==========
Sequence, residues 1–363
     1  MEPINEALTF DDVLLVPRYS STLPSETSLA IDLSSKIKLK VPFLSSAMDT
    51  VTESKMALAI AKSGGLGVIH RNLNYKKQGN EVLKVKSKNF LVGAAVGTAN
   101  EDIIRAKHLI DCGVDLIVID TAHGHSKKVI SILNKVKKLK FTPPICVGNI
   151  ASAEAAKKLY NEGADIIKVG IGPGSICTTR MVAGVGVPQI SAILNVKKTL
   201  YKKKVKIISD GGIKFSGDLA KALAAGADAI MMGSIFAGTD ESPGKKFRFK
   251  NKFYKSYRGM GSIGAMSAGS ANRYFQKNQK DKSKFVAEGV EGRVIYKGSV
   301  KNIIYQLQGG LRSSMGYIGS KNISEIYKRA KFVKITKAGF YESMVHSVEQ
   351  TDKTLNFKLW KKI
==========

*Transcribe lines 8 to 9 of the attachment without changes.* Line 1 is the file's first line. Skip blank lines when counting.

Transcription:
   301  KNIIYQLQGG LRSSMGYIGS KNISEIYKRA KFVKITKAGF YESMVHSVEQ
   351  TDKTLNFKLW KKI